Read American Thighs Online

Authors: Jill Conner Browne

American Thighs (5 page)

BOOK: American Thighs
No Matter What Skin You're In

ou've got to live in it your whole EN-tire life, so consider yourself behooved to taking great good care with it and of it. Our mamas didn't know any better than to let everybody, themselves and us, get chargrilled every summer of the world up until about 1997 or thereabouts, when a few people did start to acknowledge the existence of melanoma.

When I was growing up, the sole summer goal of every person living was to get their skin deeply bronzed and/or mahoganized as quickly as possible. For many hapless white people, this was and is simply a physical impossibility—not that they allowed the absolute absence of melanin in their skin to serve as any kind of deterrent or discouragement. To the contrary—they were the most determined of all. I grew up with people so
white-skinned as to render them utterly UN-tannable, under any circumstances—if you were to just try to PAINT them brown, it would take repeated heavy coats of enamel to cover their whiteness. And yet every single solitary summer of their lives, they would go—TO THE BEACH, for, like, their first time out of the house since the Spring Thaw—and park their toad-belly selves out there on the blinding white sand in the blistering hot sun and they would stay there, nearly naked, all day long—and they would continually be SURPRISED to later discover that they had head-to-toe, back-to-front third-degree burns—even their scalps were blistered—and they would then spend the rest of their vacation time in the hotel room, covered in Solarcaine, watching television STANDING UP.

Nobody gave any thought whatsoever to AVOIDING the sun and/or attempting to perhaps temper somewhat its effects. White untannable people would, in desperation, slather their bodies with a vile substance known as QT—for “quick tan,” I suppose, although “questionable taste” would have been more appropriate, since all it did was turn them a putrid shade of orange (plus it made them smell weird) and it was not even consistent—they looked like one of those hideous ombré T-shirts. I mean, really, is orange ombré really a better look for you than just plain white? The terminally white folks never seemed to be able to accept themselves as God made them—like typing paper—and they never seemed to give up. Whenever you saw one of them in the summer, they were Technicolored—either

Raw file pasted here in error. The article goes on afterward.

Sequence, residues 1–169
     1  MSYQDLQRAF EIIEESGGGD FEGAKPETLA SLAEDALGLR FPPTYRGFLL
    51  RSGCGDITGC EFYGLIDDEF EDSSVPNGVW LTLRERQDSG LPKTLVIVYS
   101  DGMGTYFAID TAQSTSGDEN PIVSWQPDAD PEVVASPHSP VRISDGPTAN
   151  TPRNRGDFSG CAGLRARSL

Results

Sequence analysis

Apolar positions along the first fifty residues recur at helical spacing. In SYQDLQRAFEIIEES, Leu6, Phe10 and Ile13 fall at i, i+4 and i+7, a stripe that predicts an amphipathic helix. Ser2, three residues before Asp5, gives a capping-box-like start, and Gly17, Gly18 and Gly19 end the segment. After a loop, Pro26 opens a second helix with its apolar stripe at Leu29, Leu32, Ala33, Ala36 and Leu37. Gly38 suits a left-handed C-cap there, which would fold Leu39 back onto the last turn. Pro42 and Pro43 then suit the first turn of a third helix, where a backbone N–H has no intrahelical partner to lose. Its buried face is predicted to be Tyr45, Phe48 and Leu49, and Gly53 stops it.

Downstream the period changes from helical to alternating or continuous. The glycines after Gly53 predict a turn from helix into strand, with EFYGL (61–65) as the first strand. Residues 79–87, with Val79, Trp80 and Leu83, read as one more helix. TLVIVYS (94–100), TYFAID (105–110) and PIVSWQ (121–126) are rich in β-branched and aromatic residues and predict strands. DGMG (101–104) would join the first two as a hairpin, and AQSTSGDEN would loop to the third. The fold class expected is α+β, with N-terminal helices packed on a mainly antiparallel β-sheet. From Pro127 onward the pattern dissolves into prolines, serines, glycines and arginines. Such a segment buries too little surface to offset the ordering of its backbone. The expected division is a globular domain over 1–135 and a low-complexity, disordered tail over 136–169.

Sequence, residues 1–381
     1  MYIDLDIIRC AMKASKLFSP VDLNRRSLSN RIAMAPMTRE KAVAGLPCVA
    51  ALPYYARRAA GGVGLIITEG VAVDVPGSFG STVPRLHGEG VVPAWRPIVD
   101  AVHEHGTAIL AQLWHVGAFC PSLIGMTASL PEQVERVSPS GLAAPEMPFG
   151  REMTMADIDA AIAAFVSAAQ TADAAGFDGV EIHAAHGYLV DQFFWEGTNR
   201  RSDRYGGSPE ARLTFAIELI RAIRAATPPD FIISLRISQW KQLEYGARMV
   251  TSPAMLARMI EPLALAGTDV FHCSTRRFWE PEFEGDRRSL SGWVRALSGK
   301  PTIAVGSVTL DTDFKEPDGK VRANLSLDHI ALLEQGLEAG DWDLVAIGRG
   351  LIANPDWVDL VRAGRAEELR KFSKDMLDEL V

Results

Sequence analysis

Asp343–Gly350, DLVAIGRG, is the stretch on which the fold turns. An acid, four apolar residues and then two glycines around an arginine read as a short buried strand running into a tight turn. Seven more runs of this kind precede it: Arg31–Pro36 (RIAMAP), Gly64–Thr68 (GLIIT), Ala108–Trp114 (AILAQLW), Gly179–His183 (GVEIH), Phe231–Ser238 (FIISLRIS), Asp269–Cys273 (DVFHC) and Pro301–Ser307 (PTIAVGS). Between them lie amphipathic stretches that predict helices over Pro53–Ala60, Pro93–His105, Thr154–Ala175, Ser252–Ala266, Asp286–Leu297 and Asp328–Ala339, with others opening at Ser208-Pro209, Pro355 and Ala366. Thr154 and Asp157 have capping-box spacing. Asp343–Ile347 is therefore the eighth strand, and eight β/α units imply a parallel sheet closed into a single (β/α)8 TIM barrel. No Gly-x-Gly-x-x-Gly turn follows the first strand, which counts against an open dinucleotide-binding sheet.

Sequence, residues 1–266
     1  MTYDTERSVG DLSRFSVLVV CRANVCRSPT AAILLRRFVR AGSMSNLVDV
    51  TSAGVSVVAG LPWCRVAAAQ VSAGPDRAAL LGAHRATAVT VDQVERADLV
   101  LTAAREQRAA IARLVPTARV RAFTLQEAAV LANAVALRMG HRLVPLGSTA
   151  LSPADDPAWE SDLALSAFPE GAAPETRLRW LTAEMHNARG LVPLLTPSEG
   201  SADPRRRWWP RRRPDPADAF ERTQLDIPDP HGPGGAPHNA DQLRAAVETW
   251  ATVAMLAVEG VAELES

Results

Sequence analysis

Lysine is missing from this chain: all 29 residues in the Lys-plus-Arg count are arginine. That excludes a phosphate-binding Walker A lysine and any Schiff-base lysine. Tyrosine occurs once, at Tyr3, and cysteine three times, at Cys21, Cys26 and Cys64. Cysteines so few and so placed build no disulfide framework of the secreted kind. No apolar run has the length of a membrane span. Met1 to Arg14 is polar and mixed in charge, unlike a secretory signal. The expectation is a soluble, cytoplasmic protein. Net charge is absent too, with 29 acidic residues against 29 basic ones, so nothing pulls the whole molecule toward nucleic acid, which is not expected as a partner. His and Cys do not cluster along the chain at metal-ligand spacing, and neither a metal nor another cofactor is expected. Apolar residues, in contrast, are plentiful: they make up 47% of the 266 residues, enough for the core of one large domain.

from their latest burn or their latest failed attempt at an even application of QT.

But anyway, even though some semblance of sun-SCREEN had been invented around 1938 (although only about a dozen different people lay claim to the invention at assorted times, so who knows?), I can't recall anybody actually buying or using anything that might create any sort of barrier between us and the fiery orb in the sky when I was young.

Oh, sure, there was sun-TAN lotion—but I can't recall ever having the funds for frittering on such an extravagance—not when you could buy a VAT of baby oil for less than a dollar. For just a few pennies more, you could also get a whole bottle of iodine, and if you added a few drops of that to your baby oil, the color of your tan would be immeasurably enriched—an unbeatable bargain that we all availed ourselves of, to be sure. It was not possible to get “too tan” in those days.

So, in the summertime, Caucasians were available in three colors: third-degree red (also came with raised blisters at no extra charge), ombré orange, or shades of brown that did not occur normally in the skin of humans, regardless of ethnicity.

We are no longer the Baby Boomers—we are the Raisin Generation and we are paying dearly for our decades of past solar indiscretions—we are collectively providing a most excellent living for all the plastic surgeons and dermatologists. Both male and female, come we to the surgical suite seeking to be hiked up, smoothed out, and excised, as the case may be.

Once you cross that line into geezerdom—and it seems to be a movable line—some cross it at thirty-five, some at sixty-five, some never cross it—they remain forever as they always were—some never age and we all know some folks who seem like they were never young to begin with—natural-born geezers. But whenever it happens in your own personal life—to your own personal body—you will discover that the words “high maintenance” take on a whole new meaning and that they no longer connote your being carried around on a little pillow by one or more significant others.

Once you officially become a geezer, you will find that there is some part of your body that heretofore had never required so much as a thought beyond the acknowledgment of its total cuteness, but now must be looked at or into, probed, x-rayed, scanned, irradiated, illuminated, felt, mashed, and/or filmed or photographed—once or twice every year for the rest of your life. All of these actions are performed by an array of different medical professionals, the offices of whom are guaranteed to be many miles away from you and from one another, have overcrowded waiting rooms populated with other geezers needing maintenance work, and are filled with copies of